The Farm on Oak Creek


I was going to write about Rupert, who has become a swimming dog now that the temperatures have climbed into the 90s. He slides into the ditch and lets the current float him downstream for a bit, then paddles like heck, gets out and rolls in the grass…and, of course, then runs in joyful, cool, dripping circles.

Me, I’m still stuck on the temperature. 90 degrees! That’s July weather for us. If it’s that hot now, I hate to think what it’s going to be like in July.

It’s the hot, almost humid (for May, that is) days that made me want to post about Switchel. Until last week, I’d never heard of the drink and I’m now really sorry I hadn’t. It’s apparently been around since the 1700s. Some sources say it came from the Caribbean while others say it’s strictly an Colonial American thing. It was alluded to in one of Laura Ingalls Wilder’s books. Knowing that Johnny Appleseed was distributing his seeds so those living on the edge of the wilderness could have apples with which to make Apple Cider and Apple Cider Vinegar, I’m now thinking that those seeds he carried were meant for making Switchel.

I found the recipe while looking for ideas using black eyed peas, which have become a new favorite here on the farm. Out of that list my eye caught on the name: Switchel.  I had to see what it was, and that was a concoction made from Apple Cider Vinegar, lemon juice, ginger, and a bit of sweetener, such as molasses or maple syrup. It’s called by a lot of different names, including Haymakers Punch or Switzel. Whatever it’s called, its purpose is to restore hot, tired field hands to full vitality.  That’s right. This was the Gatorade of the 18th Century. No, it’s better than our modern replacement drink. Because Switchel is allowed to ferment for a day or two, it’s good for gut health. Two birds, one stone!

Since I’m often a hot, tired field hand I had to give it a try. Of course, I immediately tweaked it. I don’t tolerate lemons, or grapefruit or oranges, but I do tolerate limes and lime juice. Why limes? Who knows.  I also didn’t have any fresh ginger. Instead, I used my my emergency back-up jar of preserved ginger, which is chunks of ginger immersed in sherry that I keep in the back of the fridge. It took 5 minutes to make. I happen to have a fermenting cap–it has an airlock and everything–so I used that while it sat on my counter. After it was done fermenting, I put it in the fridge with the ginger jar.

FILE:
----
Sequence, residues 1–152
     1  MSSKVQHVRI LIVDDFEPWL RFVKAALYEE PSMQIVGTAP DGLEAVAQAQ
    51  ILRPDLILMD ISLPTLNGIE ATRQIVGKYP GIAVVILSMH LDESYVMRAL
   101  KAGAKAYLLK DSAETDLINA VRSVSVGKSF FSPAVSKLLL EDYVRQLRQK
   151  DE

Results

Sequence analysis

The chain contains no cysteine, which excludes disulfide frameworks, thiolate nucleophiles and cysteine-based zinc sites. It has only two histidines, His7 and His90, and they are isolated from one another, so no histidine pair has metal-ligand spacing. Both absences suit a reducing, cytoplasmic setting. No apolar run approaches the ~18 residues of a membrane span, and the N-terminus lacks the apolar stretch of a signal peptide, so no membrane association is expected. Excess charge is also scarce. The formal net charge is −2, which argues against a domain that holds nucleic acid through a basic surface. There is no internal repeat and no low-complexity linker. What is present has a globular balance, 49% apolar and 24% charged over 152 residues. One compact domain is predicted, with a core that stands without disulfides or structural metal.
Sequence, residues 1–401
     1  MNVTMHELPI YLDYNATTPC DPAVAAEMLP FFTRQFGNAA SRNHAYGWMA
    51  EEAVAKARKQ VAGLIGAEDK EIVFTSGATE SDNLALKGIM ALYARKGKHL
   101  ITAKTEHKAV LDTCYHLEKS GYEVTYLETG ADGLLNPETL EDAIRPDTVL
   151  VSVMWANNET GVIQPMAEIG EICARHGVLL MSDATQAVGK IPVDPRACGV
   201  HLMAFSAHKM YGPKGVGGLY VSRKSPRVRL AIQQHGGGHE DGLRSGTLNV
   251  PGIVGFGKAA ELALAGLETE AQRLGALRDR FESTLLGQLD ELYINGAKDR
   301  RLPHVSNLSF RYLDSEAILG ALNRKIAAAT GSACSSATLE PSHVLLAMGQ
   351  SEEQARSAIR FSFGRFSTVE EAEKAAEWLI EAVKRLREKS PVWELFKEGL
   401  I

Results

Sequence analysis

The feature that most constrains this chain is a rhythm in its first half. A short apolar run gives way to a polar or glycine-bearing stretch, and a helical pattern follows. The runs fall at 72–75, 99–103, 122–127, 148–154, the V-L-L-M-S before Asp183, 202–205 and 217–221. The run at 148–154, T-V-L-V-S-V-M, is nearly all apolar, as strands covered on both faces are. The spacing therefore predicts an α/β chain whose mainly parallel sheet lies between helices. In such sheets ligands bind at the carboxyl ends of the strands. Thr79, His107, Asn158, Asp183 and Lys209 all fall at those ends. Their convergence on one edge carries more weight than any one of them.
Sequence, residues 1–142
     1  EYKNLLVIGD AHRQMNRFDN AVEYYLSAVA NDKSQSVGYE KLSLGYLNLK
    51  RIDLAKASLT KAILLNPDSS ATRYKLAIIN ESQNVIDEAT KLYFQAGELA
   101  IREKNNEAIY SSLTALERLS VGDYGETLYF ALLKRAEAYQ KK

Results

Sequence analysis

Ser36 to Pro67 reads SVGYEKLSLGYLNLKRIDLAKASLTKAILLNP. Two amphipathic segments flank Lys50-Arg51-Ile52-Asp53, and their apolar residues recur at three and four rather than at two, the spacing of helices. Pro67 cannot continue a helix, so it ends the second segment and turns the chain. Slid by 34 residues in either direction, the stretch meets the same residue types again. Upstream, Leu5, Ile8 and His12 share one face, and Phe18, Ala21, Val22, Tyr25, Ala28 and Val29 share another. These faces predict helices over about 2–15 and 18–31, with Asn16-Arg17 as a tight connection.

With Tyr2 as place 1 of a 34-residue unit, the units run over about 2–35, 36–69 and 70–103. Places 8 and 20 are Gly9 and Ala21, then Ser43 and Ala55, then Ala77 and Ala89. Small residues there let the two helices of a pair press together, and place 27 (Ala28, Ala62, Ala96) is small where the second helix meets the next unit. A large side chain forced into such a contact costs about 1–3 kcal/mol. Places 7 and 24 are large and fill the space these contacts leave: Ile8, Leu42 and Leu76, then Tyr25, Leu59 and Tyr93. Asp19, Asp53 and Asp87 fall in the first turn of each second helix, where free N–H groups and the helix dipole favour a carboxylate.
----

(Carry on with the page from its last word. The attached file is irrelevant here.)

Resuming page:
I was ready for my first glass the next day. I’d been breaking up clods of earth all morning. That’s a two step job. First, you break up the dirt, then you throw the bits of bermuda grass for Rupie to chase. He lives for that.  At lunch time, I went straight for the jar in the refrigerator. I mixed Switchel with cold water (no ice, though), then took a sip.

My whole body sighed with relief. I LOVED IT! The glass was empty in an instant and the product worked exactly as advertised. I was no longer thirsty or tired. I went back out to the garden and finished the plot without suffering any of the fatigue the hot sun has been giving me these last weeks.

My first jar is gone already and I’ll be making more as soon as I finish typing this. I did a little research on the drink and found some great websites about it. Most of them are fun to read even if you don’t want to try the drink. Although the recipe on this one isn’t the one I’m using for now, start with this one from Cornell University: Switchel, A Time-tested, Thirst-quenching favorite

Here’s my version:


  • 1 quart Mason jar with lid
  • 1 2″ chunk of organic ginger (if not organic, peel it to remove the chemicals in the skin)
  • the juice of 1 lime, pips removed and zested (or not)
  • 1/3 cup Braggs Apple Cider Vinegar
  • 1/4 cup maple syrup
  • 2 cups hot-to-the-touch water. (Too hot and you’ll kill the microbes you’re trying to grow)

Chop or grate your ginger and put it in the mason jar. Add the lime juice, apple cider vinegar, and sweetener. Pour in water, cap tightly then shake vigorously to dissolve the maple syrup. If you’re not using a fermenter cap, loosen the jar lid so air can get in and out, then let the mixture stand on the counter for a day or two. The recipe I used said to strain the liquid into a self-capping beer type bottle, but since I don’t have any of those at the moment I left it in the jar and strained as I made my drink.

To make a drink, fill a glass halfway with Switchel, then add cold water or seltzer of club soda to taste.

To your health!

© Denise Domning, 2023